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As of the fall of 2015 I’ve set up this outreach program as part of what I offer my students. Through the many years of my school, there have been many children who, having experienced a class or even a series of classes, earnestly want to continue. Unfortunately for both them and me, I couldn’t afford to accommodate them. Then something wonderful happened. Another child got the gift of a class and dearly wanted to return. His parents hadn’t found my tuition in their budget. I did a reach-out and to my amazement, I collected over $1000 toward his classes. Some of the contributions were as small as $10, a quarter of the cost of one class.
This success inspired me to set up a program to reach out to potential patrons by exhibiting the independent art work that these potential students do, as well as what they say about art classes at Kathy’s.
To protect the children and the donors, this entire program is anonymous. I am acting as the hub in bringing these children together with their patrons.
I’ve set up this outreach so that the children have pseudonyms, and can only be identified by their art works and Tweets. Anyone who donates, even as little as $5 will get updates on their beneficiaries’ art works.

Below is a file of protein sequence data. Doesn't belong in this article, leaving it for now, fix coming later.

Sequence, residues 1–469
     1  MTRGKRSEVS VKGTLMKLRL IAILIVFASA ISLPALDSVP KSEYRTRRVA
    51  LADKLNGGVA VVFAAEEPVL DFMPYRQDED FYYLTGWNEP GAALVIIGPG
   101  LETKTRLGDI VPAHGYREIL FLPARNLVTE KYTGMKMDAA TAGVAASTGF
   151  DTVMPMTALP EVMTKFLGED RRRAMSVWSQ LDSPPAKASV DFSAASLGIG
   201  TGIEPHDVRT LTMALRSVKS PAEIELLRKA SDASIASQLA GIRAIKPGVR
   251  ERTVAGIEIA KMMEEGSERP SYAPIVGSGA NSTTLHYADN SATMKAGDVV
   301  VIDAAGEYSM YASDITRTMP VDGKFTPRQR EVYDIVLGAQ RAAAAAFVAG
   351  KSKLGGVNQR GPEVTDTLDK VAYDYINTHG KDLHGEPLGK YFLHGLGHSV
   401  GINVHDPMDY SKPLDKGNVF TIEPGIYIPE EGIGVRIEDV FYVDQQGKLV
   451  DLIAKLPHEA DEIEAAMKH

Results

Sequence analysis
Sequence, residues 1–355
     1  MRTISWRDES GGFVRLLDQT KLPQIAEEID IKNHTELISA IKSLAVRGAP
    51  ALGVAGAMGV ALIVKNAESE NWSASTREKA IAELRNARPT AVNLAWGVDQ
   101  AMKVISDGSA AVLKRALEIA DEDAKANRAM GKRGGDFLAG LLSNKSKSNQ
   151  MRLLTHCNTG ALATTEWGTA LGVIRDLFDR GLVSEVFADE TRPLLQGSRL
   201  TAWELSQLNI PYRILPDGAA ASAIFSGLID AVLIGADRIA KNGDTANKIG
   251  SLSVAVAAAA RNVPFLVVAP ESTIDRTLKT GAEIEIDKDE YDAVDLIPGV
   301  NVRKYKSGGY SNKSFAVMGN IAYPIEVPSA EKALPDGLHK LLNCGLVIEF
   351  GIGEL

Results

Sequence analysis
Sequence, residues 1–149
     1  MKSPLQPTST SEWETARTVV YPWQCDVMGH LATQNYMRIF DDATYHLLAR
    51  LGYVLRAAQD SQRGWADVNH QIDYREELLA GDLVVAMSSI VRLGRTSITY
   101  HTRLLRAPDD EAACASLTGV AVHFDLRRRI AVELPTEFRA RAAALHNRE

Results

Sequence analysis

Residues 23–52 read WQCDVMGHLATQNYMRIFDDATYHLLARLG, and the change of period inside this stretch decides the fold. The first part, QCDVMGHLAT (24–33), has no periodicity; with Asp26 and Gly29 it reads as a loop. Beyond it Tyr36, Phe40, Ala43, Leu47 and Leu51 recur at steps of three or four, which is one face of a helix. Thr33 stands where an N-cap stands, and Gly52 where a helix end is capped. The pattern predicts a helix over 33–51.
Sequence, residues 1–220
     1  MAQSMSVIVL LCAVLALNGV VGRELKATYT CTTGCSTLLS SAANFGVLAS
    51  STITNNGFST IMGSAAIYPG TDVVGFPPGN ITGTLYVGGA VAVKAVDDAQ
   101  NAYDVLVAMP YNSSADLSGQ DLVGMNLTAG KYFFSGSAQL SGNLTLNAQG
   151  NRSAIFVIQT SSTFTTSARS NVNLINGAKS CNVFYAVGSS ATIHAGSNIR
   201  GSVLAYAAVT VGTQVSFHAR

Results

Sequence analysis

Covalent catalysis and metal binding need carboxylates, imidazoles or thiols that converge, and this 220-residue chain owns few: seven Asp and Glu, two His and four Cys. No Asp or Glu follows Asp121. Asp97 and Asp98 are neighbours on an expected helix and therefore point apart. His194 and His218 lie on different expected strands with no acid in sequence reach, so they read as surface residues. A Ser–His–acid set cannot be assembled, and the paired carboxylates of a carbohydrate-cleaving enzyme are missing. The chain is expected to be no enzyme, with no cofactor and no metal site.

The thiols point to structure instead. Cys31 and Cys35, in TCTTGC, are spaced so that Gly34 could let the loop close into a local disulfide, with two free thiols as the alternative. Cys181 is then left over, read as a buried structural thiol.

Let me introduce one of these students.
Meet Salty but Sweet. She is seven-years-old and has an expansive personality. She already attended her first class, which I gave her at half-price. That is the way a potential beneficiary of this out-reach has the experience of being here and can express his/her interest in returning.
Her mother told me that Salty asked why they didn’t just pay for her to go back to art class. Her mom told her that the electricity bill had been very big and they couldn’t send her right now.
Here is a little gallery of Salty but Sweet’s drawings. At the bottom of this page, I have given a reflection on each drawing to let you know how I see this child’s talent.
You can see what I mean by “expansive personality.” Her drawings are bold and she dominates the paper. There are qualities in these drawings that interest me. In the fruit-bowl still life, Salty shows and uncut watermelon behind the bowl. She’s learned to use overlapping images to show depth, but even better than that, she’s looking very carefully. Notice the placement of where the stem had been attached to the watermelon. She found that place through observation. And like many artists from Medieval times, she couldn’t see how to put the watermelon slice in perspective, so she simply placed it to make the composition work.
In Mom with Salty and Teddy notice the proportions of the three characters. To a little girl mom is still very big. Yet look closely at the little girl and you’ll find tremendous loving detail from the snowman on her t-shirt to very colorful pants. I’d like to hear her story about this picture.
Love God is ripe with bird couples, nests, and branches, all making a wonderful composition. You can feel how this world extends beyond the paper’s edges. As I said, Salty and Sweet is expansive.
And for the image at the top, Mom with baby, (they just welcomed one into their home.) Dad, and lots of siblings. I do wonder about the winged ones. Perhaps they are angels, although tooth fairies did cross my mind.
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